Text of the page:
Ed Snider Youth Hockey Foundation president and CEO Scott Tharp said his organization almost always has a Plan B should things go awry.
But with rinks and schools in the Philadelphia area, as well as around the world, closing due to concerns surrounding the coronavirus, “Now we have a Plan A, B, C and D for what we’re doing” to keep homebound Snider Hockey kids academically and athletically engaged, Tharp said.
“We anticipated the rinks would be shut down, probably the first week in March,” he said, “so we started putting some plans in place in the event that would happen.”
Rinks and classrooms may be shuttered for the pandemic, but the work of Snider Hockey and other programs in the Hockey Is For Everyone initiative goes on.
Hockey Is For Everyone, with 26 nonprofit programs, uses the game to foster inclusiveness and encourage boys and girls of all backgrounds and socioeconomic status to be good citizens and thrive in school. Like the rest of the world, these programs are having to adapt how they do business in the age of the coronavirus. With staffs and volunteers working from their homes, they’re reaching out by phone or computer to their young players, many of whom come from underserved communities or families with limited resources.
Programs that haven’t put coronavirus plans in action are rapidly working on them with the notion that it could be a while before rinks and schools reopen.
Snider Hockey has contacted more than 1,600 families who have children enrolled in its After School Excellence program and listed the resources available to program participants on its website. Life skills personnel, academic aides and others have been assigned students to contact to make sure they’re all right, help them with their studies or just talk.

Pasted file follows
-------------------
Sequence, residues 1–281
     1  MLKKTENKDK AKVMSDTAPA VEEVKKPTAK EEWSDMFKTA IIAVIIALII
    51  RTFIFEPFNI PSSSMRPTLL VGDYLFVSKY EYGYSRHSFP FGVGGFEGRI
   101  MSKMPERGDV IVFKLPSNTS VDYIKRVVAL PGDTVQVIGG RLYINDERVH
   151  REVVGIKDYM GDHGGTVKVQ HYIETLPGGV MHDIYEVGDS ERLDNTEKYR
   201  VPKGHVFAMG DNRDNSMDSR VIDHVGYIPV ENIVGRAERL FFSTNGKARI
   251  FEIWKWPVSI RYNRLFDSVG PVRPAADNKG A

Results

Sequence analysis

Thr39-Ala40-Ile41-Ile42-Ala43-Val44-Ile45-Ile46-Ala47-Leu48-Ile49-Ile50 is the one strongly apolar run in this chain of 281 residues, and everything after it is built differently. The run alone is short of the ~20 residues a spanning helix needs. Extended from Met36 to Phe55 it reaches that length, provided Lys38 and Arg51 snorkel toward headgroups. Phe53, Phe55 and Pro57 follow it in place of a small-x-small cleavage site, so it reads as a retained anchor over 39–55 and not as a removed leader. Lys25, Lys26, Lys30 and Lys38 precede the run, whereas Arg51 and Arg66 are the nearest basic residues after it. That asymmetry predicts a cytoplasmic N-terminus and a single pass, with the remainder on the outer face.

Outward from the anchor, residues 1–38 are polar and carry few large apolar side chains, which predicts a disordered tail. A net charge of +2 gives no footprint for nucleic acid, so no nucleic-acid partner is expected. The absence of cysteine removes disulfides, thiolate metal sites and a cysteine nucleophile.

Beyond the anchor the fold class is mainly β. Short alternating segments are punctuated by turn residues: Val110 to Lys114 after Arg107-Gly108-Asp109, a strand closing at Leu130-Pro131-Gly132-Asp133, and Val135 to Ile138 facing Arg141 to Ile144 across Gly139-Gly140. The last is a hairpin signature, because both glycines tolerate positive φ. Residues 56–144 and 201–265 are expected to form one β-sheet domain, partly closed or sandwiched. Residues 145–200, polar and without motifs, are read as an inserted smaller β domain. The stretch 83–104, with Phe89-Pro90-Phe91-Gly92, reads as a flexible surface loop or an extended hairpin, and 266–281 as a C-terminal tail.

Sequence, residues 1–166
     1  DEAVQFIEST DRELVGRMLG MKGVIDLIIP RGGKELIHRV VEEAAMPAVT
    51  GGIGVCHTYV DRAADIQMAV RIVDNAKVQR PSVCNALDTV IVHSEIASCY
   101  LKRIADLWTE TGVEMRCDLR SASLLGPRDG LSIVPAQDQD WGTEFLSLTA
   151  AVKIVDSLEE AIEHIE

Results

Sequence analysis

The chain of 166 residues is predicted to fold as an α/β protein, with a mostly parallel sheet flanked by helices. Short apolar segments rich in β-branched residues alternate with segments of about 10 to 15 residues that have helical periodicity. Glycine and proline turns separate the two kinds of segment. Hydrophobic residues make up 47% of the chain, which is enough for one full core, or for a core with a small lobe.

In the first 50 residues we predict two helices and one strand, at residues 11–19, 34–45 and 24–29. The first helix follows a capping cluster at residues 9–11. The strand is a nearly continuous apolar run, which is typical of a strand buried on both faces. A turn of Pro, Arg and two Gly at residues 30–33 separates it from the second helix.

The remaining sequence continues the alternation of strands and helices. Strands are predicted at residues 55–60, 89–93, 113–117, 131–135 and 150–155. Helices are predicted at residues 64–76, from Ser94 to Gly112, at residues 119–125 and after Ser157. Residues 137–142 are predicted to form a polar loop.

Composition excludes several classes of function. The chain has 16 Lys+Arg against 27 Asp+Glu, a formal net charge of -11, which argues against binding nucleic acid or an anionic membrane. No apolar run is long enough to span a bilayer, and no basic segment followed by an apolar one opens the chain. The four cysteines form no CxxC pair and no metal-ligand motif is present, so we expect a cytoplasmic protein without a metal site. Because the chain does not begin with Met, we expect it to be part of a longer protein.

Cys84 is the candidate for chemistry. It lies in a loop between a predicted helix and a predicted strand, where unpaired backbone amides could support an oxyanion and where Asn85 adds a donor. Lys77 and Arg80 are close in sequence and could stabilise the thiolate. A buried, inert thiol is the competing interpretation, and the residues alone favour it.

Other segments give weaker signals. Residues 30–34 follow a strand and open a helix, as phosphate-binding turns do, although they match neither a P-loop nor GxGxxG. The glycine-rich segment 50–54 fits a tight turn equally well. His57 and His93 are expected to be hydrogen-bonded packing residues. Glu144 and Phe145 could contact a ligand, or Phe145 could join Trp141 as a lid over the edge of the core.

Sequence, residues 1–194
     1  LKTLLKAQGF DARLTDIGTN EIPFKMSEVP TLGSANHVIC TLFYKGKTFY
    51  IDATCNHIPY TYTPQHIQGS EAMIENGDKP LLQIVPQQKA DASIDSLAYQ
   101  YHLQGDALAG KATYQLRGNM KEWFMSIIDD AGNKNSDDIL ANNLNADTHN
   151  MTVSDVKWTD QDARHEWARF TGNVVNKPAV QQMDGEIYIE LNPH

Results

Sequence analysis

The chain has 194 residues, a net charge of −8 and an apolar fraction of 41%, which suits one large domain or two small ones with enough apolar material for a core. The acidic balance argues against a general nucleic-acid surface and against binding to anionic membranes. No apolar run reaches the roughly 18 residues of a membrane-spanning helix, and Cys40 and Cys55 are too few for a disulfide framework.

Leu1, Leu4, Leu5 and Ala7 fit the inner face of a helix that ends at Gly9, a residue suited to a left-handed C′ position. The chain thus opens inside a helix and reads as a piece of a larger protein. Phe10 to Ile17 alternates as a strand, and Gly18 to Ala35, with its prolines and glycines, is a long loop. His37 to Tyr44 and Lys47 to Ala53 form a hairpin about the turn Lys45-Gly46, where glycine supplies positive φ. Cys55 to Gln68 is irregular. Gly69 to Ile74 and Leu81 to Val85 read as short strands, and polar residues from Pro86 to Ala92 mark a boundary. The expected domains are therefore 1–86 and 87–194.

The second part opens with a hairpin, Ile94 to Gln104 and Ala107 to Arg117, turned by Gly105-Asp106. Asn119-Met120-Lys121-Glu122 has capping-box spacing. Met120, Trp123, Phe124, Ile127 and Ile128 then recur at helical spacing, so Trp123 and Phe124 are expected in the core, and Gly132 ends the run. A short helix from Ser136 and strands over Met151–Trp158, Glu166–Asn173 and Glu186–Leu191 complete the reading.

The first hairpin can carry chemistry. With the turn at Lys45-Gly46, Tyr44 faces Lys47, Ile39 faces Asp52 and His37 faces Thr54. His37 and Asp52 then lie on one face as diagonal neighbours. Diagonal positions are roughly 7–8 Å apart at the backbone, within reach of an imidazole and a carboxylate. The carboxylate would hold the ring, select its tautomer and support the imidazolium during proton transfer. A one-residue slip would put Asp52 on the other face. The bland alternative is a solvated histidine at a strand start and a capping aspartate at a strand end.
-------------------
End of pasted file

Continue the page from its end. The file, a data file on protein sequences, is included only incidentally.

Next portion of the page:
“We see it as a crucial part of our mentoring service,” Tharp said. “If we can’t see them personally two or three times a week, we have to figure out a way to continue to make contact to let them know that we’re here all year, still here for them.”
Snider Hockey, created by the late Philadelphia Flyers chairman Ed Snider in 2005, began Reading Buddies sessions for families using video conferencing last week. One-on-one support is being provided for Breakaway Scholars and Goals & Assists students who have been awarded scholarships to attend selected Philadelphia-area colleges and universities, as well as Catholic high schools.
To keep participants hockey sharp, Snider Hockey coaches are conducting online workouts and skill sessions for travel teams on Zoom and Google Hangouts.
Former NHL forward Scott Hartnell worked up a sweat this past Thursday recording a video to show Snider Hockey players what exercises they can do at home without gym equipment.
“I was trying to think what I should do, and I’m like, ‘I haven’t worked out in a couple of years since I’ve been retired,'” said Hartnell, who spent much of his career with the Philadelphia Flyers before retiring after the 2017-18 season and is now an NHL Network analyst. “Right now, the whole world is on pause, but it doesn’t mean you can’t be active and still do great things in the world, and that’s hugely important.”